GODS, RYTES, MYTES
The most important ceremony amongst the Aboriginal communities was the initiation ritual or bora. These rituals were associated with large gatherings of tribes and involved the creation of a large earth mound. These mounds varied from long bands of patterns to circles of raised earth.
THE RAINBOW SNAKE
Rainbow Snake is probably one of the most known beings of aboriginal
mythology. In much areas believe that arrived on this earth
endured after creation of persons and of animals, while in
some isolated regions is believed that the Rainbow Snake gives life
to persons and animals, than alive in water holes and watches the
matters of the aboriginal persons.
Great colorful stones were the eggs of the snake and, so, dealt like sacred objects: estates hidden and only shown during special ceremonies.
Tjukurpa is the word that expresses a very
important concept for aboriginal culture.
It represents an era without time; it explains past, present and future, life and every human question.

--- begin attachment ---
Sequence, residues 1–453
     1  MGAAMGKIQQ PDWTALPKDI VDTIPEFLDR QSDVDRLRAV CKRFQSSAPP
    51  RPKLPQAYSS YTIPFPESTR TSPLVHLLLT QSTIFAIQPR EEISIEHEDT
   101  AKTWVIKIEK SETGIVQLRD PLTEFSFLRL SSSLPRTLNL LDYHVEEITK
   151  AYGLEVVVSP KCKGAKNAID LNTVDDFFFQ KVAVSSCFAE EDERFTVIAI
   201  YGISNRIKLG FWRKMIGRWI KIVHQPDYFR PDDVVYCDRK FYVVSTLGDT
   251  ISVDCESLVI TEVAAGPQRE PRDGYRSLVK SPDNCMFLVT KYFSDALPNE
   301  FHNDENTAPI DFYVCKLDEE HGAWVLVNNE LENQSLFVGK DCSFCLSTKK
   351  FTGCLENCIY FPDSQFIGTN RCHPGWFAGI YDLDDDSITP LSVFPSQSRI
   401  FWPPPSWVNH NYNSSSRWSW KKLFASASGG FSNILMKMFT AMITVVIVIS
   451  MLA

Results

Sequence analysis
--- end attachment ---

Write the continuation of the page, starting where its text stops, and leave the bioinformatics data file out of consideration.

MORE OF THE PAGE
All Aboriginal groups, families and even individuals had their
own special totems or spirit guides, these were animals, birds or natural
things that the people felt a special kinship with. The totem that represented
a certain group or family was never hunted or harmed by those people. In
the case of individual totems, it was believed that, for example, if a
herd of kangaroos passed by during the birth of a baby, then that person
had been chosen by those animals and would have a certain bond with them.
Totems were never chosen but inherited mainly through the patrilineal line
and were usually painted on items belonging to the group or family.